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Recently I have been trying to do a project for my end of year project, it involved making a humanoid arm.

I am still a newbie at these things, I usually have my friend do the wiring, but since he is away for the moment can anyone help me with it?

I am currently using 6X MG996R Servos for each finger and 1 for the wrist. I am also using a Arduino Mega with a Adafruit 16-Channel 12-bit PWM/Servo Shield - I2C interface.

I have already searched through the web for the best way to power it but I only found people trying to power it with a 5v adaptor, my problem is I'm trying to make the hand mobile so I need to use a battery. I have tried 2x UltraFire 18650 3000mAh 3.7V rechargeable battery in series (still doesn't work only 1 servo moved), also using a 9v battery (Only moved 2 servos).

So i have been wondering if I could utilise the Adafruit 16-Channel 12-bit PWM/Servo Shield - I2C interface..

  • Take a multimeter and test the voltages and amps while the servos are being used. If there is voltage drop you will need more batteries in parallel (equalize the voltages before connecting them). – ratchet freak Jan 16 at 13:38
  • Ok ratchet ill try that soon, oh and BTW do you think the Adafruit 16-Channel 12-bit PWM/Servo Shield - I2C interface will make a difference since as of now im suing a breadboard to control all the servos.. – Purnawan Brillian Jan 16 at 13:49
  • You do have the servo power lines connected in parallel, yes? All Power lines together at the battery, same with all Gnd lines, and the Gnd from the Mega as well. Some folks have mistakenly connected the power lines in series, that will not work. – CrossRoads Jan 16 at 17:39
  • OK then i guess i will try to do both in series and parallel – Purnawan Brillian Jan 17 at 0:12
  • read what @crossroads wrote .... do not do a series connection – jsotola Jan 17 at 3:31
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Here is a spec-sheet for the MG996R servos. Notice at the top of the 2d page, they require a supply of 4.8 - 7.2 volts, and can draw .5 - .9 Amps running and 2.5 Amps when stalled.

You'll need a supply of 6 volts (+/-) that can handle that current, times however many servos you need to operate simultaneously. The 3.7 volt batteries don't even meet the minimum voltage for the servos (unless you have two of them in series, but then they're slightly over the maximum).

You need to figure out your power budget first, then how your are going to meet it. You might be able to use a lighter supply than the worst case (6 stalled motors) would require or even than 6 motors at full operating torque (0.9 Amp each), if you monitor the current on each motor and shut down the or sequence the one(s) with the highest draw. You might even try monitoring just the battery-pack voltage, which won't tell you which motor(s) are stressing, but will let you know that you're unable to supply the total requirement for that present move.

If it were me, I'd use battery voltage sensing first (easier, simpler) to see if I have a problem that I can't solve by sequencing the motors. I might find I don't need to measure each motor's current.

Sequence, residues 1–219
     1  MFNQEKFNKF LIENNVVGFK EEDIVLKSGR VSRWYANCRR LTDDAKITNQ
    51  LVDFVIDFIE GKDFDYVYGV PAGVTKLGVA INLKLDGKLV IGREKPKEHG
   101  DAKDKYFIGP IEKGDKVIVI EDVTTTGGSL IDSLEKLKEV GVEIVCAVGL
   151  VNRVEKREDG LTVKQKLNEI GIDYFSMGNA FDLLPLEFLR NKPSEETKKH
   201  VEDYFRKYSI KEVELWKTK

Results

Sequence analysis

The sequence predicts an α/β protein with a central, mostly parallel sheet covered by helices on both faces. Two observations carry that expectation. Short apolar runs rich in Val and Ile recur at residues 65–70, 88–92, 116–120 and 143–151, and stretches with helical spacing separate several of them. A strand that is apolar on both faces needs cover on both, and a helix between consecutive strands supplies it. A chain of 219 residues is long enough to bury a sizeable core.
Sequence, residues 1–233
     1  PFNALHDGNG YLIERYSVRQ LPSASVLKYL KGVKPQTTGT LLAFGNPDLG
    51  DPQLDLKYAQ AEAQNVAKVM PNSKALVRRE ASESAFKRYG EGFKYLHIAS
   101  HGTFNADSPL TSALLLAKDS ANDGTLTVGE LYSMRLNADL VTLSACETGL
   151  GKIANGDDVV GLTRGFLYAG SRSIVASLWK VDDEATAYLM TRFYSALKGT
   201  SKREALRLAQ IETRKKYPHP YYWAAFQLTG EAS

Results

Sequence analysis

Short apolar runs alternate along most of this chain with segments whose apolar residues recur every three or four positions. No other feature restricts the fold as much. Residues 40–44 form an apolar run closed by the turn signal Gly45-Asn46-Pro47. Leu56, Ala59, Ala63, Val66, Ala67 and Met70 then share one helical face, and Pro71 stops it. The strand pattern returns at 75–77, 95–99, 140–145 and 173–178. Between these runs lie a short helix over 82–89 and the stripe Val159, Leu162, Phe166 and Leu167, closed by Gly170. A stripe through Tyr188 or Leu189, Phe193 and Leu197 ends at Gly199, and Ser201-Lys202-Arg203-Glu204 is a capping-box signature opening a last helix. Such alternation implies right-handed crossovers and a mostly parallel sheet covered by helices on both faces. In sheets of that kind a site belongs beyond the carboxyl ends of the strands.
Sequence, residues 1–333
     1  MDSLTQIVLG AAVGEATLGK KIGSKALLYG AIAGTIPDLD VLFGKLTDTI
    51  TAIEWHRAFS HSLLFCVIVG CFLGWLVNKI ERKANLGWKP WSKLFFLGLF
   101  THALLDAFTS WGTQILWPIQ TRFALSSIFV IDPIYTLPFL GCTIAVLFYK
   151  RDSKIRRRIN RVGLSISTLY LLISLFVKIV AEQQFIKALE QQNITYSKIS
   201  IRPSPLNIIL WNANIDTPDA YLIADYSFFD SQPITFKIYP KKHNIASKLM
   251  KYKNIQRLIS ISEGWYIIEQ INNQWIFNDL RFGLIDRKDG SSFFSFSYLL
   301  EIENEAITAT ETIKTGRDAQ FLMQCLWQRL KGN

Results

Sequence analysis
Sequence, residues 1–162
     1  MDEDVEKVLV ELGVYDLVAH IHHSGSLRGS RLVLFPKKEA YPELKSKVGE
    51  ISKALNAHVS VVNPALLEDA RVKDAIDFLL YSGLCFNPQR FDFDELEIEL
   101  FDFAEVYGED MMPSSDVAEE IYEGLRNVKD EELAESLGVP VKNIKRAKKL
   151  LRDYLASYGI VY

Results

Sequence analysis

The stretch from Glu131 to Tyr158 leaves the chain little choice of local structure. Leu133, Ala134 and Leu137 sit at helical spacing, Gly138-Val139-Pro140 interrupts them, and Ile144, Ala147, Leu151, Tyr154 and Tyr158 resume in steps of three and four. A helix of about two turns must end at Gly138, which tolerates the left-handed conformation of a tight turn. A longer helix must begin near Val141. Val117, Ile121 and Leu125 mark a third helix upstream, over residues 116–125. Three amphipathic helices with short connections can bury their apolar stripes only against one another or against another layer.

Update:

So its either i use 3.7 bat or 9v. Or.can you suggest any other power source?

A single 3.7v battery won't work well) for a motor that needs 4.8v minimum. Two of them in series will be slightly over the max voltage spec (7.4v vs. 7.2v). Will that slight overage damage or overheat the motor? Will be OK for intermittent use? Maybe, if you're careful to shut down a stalled motor quickly. The alternative is to build a voltage regulator that will drop the 7.4 to around 6v, but the regulator must also be able to meet your power budget, too.

A 9v supply is definitely too high and will need to regulated to within the motors' spec. (I assume you're not considering the four or five cm high ones with snap-on connectors, usually used in smoke-detectors? They have very little capability to deliver current and will be totally unsuitable for your application.)

My first try would be to experiment with 1 motor at 7.4v with a typical (for your project) mechanical forces on it, and see if it overheats and how soon, with how much load. You'd be taking a bit of a risk with that motor but the potential advantage is you might save yourself having to build a high-current voltage regulator.

Update2:

NiMH AA cells are 1.2V

Good call. Just know that Nickle-based batteries have the twin disadvantages of long charge cycles (or degradation of capacity with faster charging) and higher self-discharge rate of about 1%/day. Their advantage to you is that it's easier to make a battery pack whose voltage falls within the motor spec. If this is a one-time project, this may well be more important to you than their disadvantages.

  • Ooo ill keep that in mind Jrobert, but my problem is in my country i cant seem to find any 5v NiMH battery which was my 2nd option if the 3.7 ultrafire bt wont work. So its either i use 3.7 bat or 9v. Or.can you suggest any other power source? And keep.i mind im trying to make the hand mobile – Purnawan Brillian Jan 16 at 14:23
  • NiMH AA cells are 1.2V, use 4 of them in series to make 4.8V, 5 for 6V. – CrossRoads Jan 16 at 17:41
  • @CrossRoads ok i will try to find those in my country – Purnawan Brillian Jan 16 at 23:23

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